This answer presumes that you need to retain the resilience of a P2P network where there is not a single point of failure. It also presumes that you need an authoritative source that has the ability to maintain control so that the network is not vulnerable to a 51% attack.
I suppose you could fork the stock bitcoin client without too much effort to create an alt-chain that accomplishes this.
On the fork, add to the block verification a step to also check that each mined block includes a transaction from one of the authorized miners. The way to tell if the block came from an authorized miner is to have the miner include a spend transaction that comes from a private key assigned to that miner. (Miners would never broadcast these transactions, so if the transaction appears in a block it would mean only an authorized miner solved that block.)
There are a number of ways the client could learn the list of public addresses for the "authorized miners" list. This list could be hard-coded into the client even, initially, if needed.
There's the risk of how to handle the situation where an authorized miner ends up compromised or otherwise needs to be removed from the list.
Maybe there's an approach here that kills two birds with one stone.
Have the master node broadcast a heartbeat transaction periodically. This could be done by having the master mine a block that inserts a chunk of data, similar to how an altcoin that does merged mining works -- it has an exception as to what it considers as a valid proof of work. In this case, any block that is from the master node is considered as a valid proof of work. The method to use as proof that the block truly is from the master node is for the block to include a spend transaction from the public address owned by the master node.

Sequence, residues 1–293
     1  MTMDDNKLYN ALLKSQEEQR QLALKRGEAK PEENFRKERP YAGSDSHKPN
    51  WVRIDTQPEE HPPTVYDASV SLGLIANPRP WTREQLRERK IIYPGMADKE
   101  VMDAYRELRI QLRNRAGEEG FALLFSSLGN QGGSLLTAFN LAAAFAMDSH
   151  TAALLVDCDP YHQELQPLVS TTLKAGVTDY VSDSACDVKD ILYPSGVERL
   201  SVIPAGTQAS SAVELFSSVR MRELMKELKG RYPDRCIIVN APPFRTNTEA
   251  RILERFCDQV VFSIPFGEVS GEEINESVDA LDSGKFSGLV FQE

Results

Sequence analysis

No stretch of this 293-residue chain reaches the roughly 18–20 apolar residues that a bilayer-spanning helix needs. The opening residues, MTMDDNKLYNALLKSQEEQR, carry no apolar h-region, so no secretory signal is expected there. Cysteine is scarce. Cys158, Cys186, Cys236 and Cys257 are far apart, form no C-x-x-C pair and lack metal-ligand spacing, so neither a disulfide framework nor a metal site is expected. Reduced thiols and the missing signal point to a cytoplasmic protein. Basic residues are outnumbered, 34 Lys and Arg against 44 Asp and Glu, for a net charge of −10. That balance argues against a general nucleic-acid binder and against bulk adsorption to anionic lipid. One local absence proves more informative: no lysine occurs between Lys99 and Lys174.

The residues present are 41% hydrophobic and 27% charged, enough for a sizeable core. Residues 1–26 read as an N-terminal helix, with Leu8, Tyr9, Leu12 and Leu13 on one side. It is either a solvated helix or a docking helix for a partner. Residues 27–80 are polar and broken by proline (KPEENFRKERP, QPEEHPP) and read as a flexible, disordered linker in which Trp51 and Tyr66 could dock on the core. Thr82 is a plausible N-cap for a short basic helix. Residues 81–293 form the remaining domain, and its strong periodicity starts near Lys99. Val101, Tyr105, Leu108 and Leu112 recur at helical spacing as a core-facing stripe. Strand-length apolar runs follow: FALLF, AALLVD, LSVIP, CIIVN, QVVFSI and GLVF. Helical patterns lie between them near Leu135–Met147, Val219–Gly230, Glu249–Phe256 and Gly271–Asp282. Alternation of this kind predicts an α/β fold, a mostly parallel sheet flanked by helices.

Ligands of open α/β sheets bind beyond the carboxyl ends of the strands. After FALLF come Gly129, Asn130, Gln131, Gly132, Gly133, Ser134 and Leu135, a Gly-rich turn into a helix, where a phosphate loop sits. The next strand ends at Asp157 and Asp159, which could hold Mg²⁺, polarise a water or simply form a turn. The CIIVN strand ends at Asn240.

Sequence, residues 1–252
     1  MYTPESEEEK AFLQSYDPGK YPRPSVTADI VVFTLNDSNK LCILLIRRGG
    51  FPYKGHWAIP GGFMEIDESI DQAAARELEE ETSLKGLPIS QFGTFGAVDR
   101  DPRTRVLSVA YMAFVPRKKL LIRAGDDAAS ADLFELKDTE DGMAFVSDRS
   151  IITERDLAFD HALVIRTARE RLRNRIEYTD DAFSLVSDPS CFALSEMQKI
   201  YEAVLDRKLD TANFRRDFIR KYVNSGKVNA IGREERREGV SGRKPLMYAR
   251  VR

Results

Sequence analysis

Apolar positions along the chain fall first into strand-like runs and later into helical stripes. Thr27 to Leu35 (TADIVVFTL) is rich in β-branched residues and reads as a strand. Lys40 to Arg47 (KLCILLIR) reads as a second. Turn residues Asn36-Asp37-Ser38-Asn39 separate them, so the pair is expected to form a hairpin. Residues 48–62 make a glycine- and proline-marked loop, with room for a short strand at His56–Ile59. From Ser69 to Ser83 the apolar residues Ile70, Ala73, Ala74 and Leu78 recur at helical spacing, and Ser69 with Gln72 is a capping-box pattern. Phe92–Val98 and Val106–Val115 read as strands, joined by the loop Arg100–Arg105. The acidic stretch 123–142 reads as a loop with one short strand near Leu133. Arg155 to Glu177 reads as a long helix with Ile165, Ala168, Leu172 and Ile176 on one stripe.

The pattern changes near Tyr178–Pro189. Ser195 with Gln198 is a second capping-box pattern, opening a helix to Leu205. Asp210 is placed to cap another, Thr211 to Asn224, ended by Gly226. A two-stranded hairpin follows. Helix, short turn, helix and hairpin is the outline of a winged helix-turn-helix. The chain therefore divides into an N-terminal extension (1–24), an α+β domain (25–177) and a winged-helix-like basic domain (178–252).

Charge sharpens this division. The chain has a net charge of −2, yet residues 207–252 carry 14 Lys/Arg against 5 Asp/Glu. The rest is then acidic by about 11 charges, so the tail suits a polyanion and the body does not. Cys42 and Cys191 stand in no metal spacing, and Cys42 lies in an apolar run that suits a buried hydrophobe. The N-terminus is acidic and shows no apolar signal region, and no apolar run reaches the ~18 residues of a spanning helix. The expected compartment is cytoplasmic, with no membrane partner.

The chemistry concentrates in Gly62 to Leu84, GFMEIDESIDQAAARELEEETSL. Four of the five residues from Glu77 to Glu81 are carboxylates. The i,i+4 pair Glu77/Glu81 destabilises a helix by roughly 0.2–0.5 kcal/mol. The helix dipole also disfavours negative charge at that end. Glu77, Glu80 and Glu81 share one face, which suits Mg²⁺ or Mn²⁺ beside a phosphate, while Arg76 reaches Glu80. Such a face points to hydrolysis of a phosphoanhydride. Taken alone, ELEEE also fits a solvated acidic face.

That heartbeat from the master could also include a checkpoint hash (e.g., "confirmed by the master authority") -- to limit the damage a compromised miner could do.
Thus the end result is:
- Normal nodes cannot mine but will exist as P2P nodes that store blocks and relay transactions.
- Miners that are authorized do compete, on a proof-of-work basis.
- A master node has power of authority and can intervene (i.e, always has 50%+1 majority) if needed.
- Frequent checkpoints from the master can limit the risk from compromized miner nodes.
Only miners who are trusted would mine but even if one of them goes bad, the master can clean up by rewriting all the way back to the last checkpoint.
So it doesn't seem to be too much effort to fork the bitcoin trunk to work in this manner. Centralized systems are always much easier than decentralized.